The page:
FLASH DRIVE: or other portable storage device. This will be used to transfer your work from home and class. Image files can be large, so make sure your flash drive is at least 8gb.
SKETCHBOOK/NOTEBOOK: For taking notes during technical demonstrations, brainstorming sessions, and for sketching ideas for projects. YOU WILL HAVE TO PUT PENCIL TO PAPER AND DRAW. I highly recommend you use a squared sketchbook.
INDEX CARDS & STICKY NOTES, ASSORTED PENS, PENCILS, MARKERS: They have a million uses.
|The Design of Everyday Things: Revised and Expanded Edition
|Undercover User Experience Design
Cennydd Bowles and James Box
|Lean UX: Designing Great Products with Agile Teams
by Jeff Gothelf
ADDITIONAL CLASS RESOURCES
For the successful completion of this course students should be able to:
|Define and explain basic concepts of UI/UX, Information architecture, product management and the role of Designers.||Students will demonstrate competency in written exercises and presentations leading up to an investor pitch.|
|Define and explain the applications of UI/UX, Information architecture and product management.||Students will demonstrate competency by completing projects and presenting their process workflow.|
|Demonstrate a proficiency in using UX research tools and methods. Demonstrate how to choose the most appropriate method or approach for a specific project.||Group and/or individual interaction projects.|
|Speaking: the student will demonstrate the ability to articulate him/herself using relevant industry-specific vocabulary.||Evaluated through class discussions and project presentations.|
|Social Interaction: The student will demonstrate the ability to work as part of a team, including people from a variety of backgrounds, and build consensus.||Evaluate the collaboration and integration of the team during the group project, class participation and group presentation|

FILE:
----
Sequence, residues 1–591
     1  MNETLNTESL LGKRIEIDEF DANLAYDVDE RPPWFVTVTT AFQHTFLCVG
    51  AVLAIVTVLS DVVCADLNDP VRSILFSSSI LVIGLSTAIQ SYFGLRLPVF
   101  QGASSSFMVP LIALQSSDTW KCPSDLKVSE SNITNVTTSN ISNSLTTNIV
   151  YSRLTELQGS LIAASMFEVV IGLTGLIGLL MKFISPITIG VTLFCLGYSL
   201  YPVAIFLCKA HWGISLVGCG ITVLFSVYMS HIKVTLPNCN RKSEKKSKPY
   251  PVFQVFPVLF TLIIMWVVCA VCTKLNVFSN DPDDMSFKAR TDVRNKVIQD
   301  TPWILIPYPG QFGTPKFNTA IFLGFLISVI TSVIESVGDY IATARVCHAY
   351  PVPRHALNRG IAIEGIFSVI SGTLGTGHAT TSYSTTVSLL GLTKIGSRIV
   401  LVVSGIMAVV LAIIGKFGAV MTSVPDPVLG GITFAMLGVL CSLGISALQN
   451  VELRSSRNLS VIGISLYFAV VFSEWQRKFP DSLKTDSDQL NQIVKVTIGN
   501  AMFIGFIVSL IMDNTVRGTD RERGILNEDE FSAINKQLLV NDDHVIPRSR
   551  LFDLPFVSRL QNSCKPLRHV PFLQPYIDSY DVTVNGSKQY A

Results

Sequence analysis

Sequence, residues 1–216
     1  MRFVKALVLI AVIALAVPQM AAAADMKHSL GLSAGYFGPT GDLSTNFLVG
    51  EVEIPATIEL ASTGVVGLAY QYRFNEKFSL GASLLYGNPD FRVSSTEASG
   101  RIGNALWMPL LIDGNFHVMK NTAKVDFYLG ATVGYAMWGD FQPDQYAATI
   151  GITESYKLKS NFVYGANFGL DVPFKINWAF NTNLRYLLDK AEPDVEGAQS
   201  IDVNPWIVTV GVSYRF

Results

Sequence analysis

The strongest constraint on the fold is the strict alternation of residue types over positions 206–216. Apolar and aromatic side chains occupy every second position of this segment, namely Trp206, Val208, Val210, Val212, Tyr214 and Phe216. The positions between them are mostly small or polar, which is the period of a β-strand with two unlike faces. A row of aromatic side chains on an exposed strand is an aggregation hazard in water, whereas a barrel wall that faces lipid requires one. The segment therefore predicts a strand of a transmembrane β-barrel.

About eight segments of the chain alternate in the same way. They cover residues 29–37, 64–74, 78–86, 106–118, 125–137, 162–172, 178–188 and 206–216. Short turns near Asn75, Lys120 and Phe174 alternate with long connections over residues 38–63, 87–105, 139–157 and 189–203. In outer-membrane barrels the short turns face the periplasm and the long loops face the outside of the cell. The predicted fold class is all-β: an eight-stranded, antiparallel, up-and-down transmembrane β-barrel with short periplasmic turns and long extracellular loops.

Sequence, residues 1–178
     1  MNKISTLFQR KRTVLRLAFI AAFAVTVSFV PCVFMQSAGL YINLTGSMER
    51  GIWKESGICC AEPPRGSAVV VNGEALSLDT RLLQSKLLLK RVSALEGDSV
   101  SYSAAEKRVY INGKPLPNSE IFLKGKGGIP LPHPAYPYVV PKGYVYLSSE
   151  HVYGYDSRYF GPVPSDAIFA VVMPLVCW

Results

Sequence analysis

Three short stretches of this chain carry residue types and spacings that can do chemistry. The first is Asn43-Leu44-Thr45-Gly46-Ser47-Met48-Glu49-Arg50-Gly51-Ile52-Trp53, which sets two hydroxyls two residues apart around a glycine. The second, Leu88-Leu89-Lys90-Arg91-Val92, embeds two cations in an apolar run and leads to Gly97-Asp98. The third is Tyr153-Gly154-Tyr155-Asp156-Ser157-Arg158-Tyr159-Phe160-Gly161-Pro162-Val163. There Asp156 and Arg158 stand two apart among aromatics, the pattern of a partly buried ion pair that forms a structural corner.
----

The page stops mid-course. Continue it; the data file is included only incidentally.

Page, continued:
|Grade||Numerical||Meaning of Grade|
|A (Excellent)||4.0||Represents exemplary work. Work consistently exceeds expectations of professional craft and quality.|
|B (Good)||3.0||Work meets basic expectations of professional craft and quality.|
|C (Satisfactory)||2.0||Work does not meet professional expectations of craft and quality.|
The final grade for this course will be determined by the grades each student earns on the following projects and assignments. The grading is done using a numerical point system with each gradable assignment worth a certain maximum number of points. The maximum numerical value that is possible exceeds 100, allowing a student to make up for a weak showing in one area with a stronger final project.
|Project pt. 1: Presentation—Stakeholder/Competitor & User Research | Persona/Scenario Research||25 pts.|
|Project pt. 2: UX Design Deck—Combining Research from Main Project 1 with UI and User Testing—Stand alone deck||35 pts|
|Main Project pt. 3: Final Presentation—Combining Research from Project 1 with UI and User Testing—This is the Final Presentation30||30 pts|